How is Mars promoting living incomes for cocoa smallholders?

By Katy Askew

- Last updated on GMT

The world's largest chocolate maker discusses how it is combatting poverty in its cocoa supply chain / Pic: GettyImages-aedkis
The world's largest chocolate maker discusses how it is combatting poverty in its cocoa supply chain / Pic: GettyImages-aedkis

Related tags Mars Cocoa living income

Mars Inc hopes to make a positive contribution to the livelihoods of smallholder cocoa farmers. The chocolate giant is trialling two new programmes that aim to address some of the structural issues that stand in the way of living incomes in cocoa. FoodNavigator hears from Amber Johnson, Global Vice President of Mars Cocoa Enterprise, about what makes this latest effort distinct from other corporate cocoa initiatives.

Mars Inc has been making chocolate for more than 100 years. However, the company recognises that there are some systematic issues in the cocoa supply chain that are yet to be solved.

Smallholder farmers produce around 95% of global cocoa supplies. A large majority of these farmers don’t make a living income to provide for their families, let alone generate enough cash to reinvest in their farms and cocoa trees. These farmers are at the losing end of the supply chain, with often meagre economic reserves placing them at the mercy of fluctuating input costs and volatile commodity markets.

“The market volatility of cocoa prices makes it hard for farmers to predict their income and plan longer-term. This is a systemic challenge which we cannot solve alone,​” Global Vice President of Mars Cocoa Enterprise, Amber Johnson, explained.

Combatting smallholder poverty in cocoa

“Mars Wrigley has always focused its efforts on the ground which can have the greatest impact on income,”​ the cocoa expert said, pointing to the work the company has done in this area over the years.

Mars was the first major manufacturer to publicly support the Living Income Differential (LID) of $400 per metric ton announced by the governments of Côte d’Ivoire and Ghana in 2019. “Since its inception, we have championed the Living Income Differential with suppliers, chocolate manufacturers and retailers, and pushed for financial transparency of its full payment to farmers. Mars Wrigley has mandated that payment of the LID is required in all its contracts for cocoa from Côte d’Ivoire and Ghana,”​ Johnson told FoodNavigator.

On top of this, farmers in Mars’ programme receive additional cash premiums of between $50-120 per MD of cocoa, above and beyond the commodity market price. 

And Mars’ efforts haven’t been exclusively focused on cocoa payments. Since 2016, the global chocolate colossus has invested in a Village Savings and Loan Association model designed to provide cocoa farmers with access to capital to diversify incomes. Johnson said these programmes are ‘designed to not only contribute to improving income for cocoa growing households, but also to empower women and strengthen local governance and child protection’.

Improved farm management has been another fundamental building block of the approach to cocoa sustainability taken at Mars. “One way for farmers to help improve their incomes long-term is through adopting Good Agricultural Practices (GAPs). Through its suppliers, Mars supports training and individual coaching for cocoa farmers on GAPs, including advice on how to rehabilitate cocoa trees and utilize pruning techniques to increase their yields. We also conduct breakthrough research in collaboration with the University of California Davis aimed at improving cocoa breeding, farming methods and protection against pests and disease, including unlocking the cocoa genome,”​ we were told.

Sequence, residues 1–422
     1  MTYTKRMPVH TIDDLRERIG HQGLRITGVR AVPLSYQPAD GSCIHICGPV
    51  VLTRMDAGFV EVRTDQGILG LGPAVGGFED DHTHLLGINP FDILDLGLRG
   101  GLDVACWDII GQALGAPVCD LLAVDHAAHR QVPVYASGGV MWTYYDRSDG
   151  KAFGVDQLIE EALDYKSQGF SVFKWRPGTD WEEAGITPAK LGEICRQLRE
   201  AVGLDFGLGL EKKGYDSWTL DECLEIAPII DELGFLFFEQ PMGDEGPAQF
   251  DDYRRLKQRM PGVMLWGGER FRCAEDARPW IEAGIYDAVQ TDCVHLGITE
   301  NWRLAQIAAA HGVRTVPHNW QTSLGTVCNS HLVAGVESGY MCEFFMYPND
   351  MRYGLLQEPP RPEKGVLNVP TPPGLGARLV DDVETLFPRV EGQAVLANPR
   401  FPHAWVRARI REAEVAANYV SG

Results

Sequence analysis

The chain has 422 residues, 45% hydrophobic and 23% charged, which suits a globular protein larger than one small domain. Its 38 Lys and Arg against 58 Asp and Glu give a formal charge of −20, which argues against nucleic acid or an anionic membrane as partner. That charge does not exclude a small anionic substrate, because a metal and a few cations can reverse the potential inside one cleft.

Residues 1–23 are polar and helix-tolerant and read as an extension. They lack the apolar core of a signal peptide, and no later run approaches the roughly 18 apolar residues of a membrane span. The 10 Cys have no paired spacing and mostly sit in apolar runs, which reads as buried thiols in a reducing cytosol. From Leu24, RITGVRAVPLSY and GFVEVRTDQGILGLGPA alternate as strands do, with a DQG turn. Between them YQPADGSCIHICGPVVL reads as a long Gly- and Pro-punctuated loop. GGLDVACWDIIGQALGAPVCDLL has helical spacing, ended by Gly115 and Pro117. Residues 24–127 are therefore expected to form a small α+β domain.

But while Mars decoded the cocoa genome a decade ago, the code to a sustainable living income for cocoa farmers would appear to remain elusive.

Côte d'Ivoire and Ghana produce 60% of the world’s cocoa each year. The sector supports around two million farmers in the region. But extreme poverty is endemic. The average cocoa farmer in these countries lives on less than $1.50 a day – below the World Bank’s international poverty line of $1.90 a day. Smallholder poverty is far from eradicated.

GettyImages-Carlos Aguirre cocoa farmer
Poverty remains an issue for many smallholder cocoa farmers / Pic: GettyImages-Carlos Aguirre

Obstacles barring the path to a living income in cocoa

Recognising the limitations of what has been achieved to date, Mars is launching what it described as two ‘groundbreaking, farmer-first programmes’ that will first be offered to 14,000 smallholder farmers. The five-year Livelihood Ecosystem Advancement Program (LEAP) initiative will kick off in Côte d'Ivoire and the four-year Advancing Cocoa Agroforestry Towards Income, Value & Environmental Sustainability (ACTIVE) programme will reach out to farmers in Indonesia. The ambition is to place these suppliers on a path to a sustainable living income in the next eight years.

“Our approach is to test and learn bundled interventions with the goal of driving systemic change. We’re starting with approximately 7% of the farmers from which we source cocoa under our Responsible Cocoa program. Once we identify the most successful combination of interventions, we plan to scale them and share our findings with the rest of the industry to enable us to collectively address challenges and push for holistic solutions. With our key partners, we will evaluate both the short- and long-term impacts of the various interventions to determine which are most effective at supporting farmers on a path to a living income and improved overall resiliency,”​ Johnson explained.

So, what makes these latest programmes so ‘groundbreaking’? How do they differ from previous efforts to get to grips with the endemic poverty embedded in global cocoa supply chains?